Feeding the birds this winter has been hard work! With record snowfalls across the country, just trudging out to the feeders was difficult enough—actually keeping them and the surrounding area spotlessly clean was probably almost impossible in some cases.
But finally the snow is melting and we can get out again to really enjoy our hobby of feeding the birds. What are some of the things we can do to get our feeding areas back to a clean and healthy state? Here are some guidelines.
Cleaning the feeding area: If you feed black oil seed in the shell, chances are that once the snow melted, you found loads of shells under the feeders. Not only can the phytotoxins in the shells inhibit the growth of your grass and some other plants, they’re unsightly and can mold on the ground. Try to rake up as much as you can from your feeding area. You don’t have to load up a landfill with the discarded shells, but don’t use these hulls as mulch in your garden! The best place to put the shells is where you don’t have things growing that you want to keep. Composting the shells is fine, but the shells will decompose slowly as does any woody material.
Cleaning the feeders: Next, give your feeders a real good cleaning. Feeders that are dirty with bird droppings, discarded seed shells and mold are a health hazard to birds because they harbor bacteria and can spread diseases. First check your feeders to be sure that there are no broken parts, cracked or broken plastic, or areas that can cause injury to birds. If the problem can’t be corrected properly, discard the feeder! To thoroughly clean tube feeders, it’s best to use a long feeder brush. For hopper and platform type feeders a scrub brush works well. Remove all the remaining seed in the feeders. For metal and plastic feeders, you can soak them in a sink or bucket of hot, soapy water to loosen up any remaining material. Wood feeders can also be scrubbed with hot, soapy water. Just don’t soak them because they’ll take a long time to dry and may crack. Many other feeders such as vinyl covered suet baskets and feeders made from recycled plastic can often be put in the dishwasher. Use the top rack and just in case—skip the dry cycle. Next, you’ll want to disinfect. You can use either 1 part chlorine bleach to 10 parts water or you can use 1 part vinegar to 4 parts water. Scrub in the solution, let stand for several minutes, then rinse. Let your feeders air-dry thoroughly (preferably in the sun) before refilling. Don’t forget to clean and remove soil and droppings from your hanging and post baffles, too.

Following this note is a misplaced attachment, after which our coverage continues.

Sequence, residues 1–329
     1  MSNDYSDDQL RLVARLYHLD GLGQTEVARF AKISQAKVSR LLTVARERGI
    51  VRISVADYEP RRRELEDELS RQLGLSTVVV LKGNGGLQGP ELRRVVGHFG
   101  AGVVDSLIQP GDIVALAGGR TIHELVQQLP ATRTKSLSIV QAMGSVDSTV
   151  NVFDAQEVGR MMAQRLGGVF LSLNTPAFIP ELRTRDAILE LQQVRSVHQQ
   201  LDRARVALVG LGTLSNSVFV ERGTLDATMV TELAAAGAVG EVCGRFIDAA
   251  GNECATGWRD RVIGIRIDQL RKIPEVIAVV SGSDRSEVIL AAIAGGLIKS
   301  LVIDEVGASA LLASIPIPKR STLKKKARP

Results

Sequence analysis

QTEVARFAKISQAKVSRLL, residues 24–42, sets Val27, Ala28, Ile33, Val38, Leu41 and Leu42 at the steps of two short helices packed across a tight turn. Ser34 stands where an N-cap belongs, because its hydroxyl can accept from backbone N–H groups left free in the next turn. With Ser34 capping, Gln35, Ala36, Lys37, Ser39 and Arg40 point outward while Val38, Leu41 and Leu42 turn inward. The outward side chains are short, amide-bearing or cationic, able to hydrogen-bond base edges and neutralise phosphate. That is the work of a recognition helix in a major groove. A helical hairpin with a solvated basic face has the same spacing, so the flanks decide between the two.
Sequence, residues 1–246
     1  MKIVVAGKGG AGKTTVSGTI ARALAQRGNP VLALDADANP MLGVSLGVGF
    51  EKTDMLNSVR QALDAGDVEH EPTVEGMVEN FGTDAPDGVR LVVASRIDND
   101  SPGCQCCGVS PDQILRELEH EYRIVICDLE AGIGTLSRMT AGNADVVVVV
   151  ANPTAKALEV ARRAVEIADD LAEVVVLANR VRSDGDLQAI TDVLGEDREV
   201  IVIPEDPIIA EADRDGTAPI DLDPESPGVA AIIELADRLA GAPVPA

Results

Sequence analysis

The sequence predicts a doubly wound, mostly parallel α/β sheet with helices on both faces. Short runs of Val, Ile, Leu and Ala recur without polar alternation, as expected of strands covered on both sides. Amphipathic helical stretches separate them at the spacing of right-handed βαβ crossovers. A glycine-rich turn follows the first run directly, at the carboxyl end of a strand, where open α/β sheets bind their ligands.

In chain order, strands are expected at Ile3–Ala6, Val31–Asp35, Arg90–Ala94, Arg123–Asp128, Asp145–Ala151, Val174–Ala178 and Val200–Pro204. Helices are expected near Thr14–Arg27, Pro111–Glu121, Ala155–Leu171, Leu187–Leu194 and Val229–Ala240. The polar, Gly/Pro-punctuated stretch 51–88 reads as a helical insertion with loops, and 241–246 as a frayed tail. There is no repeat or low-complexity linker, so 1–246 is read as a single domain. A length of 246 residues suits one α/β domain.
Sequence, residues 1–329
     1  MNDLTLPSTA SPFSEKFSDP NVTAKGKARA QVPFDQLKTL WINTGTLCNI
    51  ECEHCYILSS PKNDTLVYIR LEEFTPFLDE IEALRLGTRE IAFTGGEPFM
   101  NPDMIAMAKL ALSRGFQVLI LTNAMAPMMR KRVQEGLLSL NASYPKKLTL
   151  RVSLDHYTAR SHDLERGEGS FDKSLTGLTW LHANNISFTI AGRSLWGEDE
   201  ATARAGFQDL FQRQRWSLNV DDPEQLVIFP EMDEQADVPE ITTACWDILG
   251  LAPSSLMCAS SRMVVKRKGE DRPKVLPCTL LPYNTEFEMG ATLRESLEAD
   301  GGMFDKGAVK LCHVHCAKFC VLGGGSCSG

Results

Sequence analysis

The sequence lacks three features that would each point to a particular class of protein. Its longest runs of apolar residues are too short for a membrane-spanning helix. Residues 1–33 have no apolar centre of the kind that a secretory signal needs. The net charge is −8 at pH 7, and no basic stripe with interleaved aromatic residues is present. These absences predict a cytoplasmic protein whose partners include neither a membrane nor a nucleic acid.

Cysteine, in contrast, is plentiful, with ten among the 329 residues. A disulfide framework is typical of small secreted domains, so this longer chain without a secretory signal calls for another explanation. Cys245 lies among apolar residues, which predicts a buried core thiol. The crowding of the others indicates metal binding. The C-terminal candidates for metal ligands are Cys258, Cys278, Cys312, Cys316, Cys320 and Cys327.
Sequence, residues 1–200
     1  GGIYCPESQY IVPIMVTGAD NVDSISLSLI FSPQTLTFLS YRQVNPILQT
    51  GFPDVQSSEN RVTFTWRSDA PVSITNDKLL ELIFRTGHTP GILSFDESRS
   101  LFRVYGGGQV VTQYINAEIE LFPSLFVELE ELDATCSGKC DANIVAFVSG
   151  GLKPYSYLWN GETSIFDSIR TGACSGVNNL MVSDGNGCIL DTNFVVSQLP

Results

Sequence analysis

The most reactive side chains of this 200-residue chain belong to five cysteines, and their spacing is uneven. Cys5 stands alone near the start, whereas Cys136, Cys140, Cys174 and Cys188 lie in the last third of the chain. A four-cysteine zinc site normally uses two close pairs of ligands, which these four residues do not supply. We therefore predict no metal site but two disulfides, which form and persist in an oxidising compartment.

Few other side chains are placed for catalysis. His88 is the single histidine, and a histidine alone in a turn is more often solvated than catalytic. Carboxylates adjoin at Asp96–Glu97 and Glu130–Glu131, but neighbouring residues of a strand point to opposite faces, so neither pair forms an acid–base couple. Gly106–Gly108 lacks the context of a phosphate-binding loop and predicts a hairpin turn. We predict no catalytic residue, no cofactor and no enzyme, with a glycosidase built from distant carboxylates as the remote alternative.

Cleaning bird baths and bird bath heaters: Finally, the bird bath gets cleaned. If you have been using a separate bird bath heater, it may have accumulated mineral deposits. Soaking the heater in vinegar can help remove the deposits, along with a little scrubbing. For plastic bird baths, scrub out the bird bath using a vinegar and water solution and rinse well. For concrete baths that have discolored with either minerals or algae, you can pour in a vinegar and water solution and let it sit before scrubbing and rinsing. Cover the bath with cardboard or a trash can lid while it’s soaking, just in case birds try to drink or bathe in it! Happy Birding!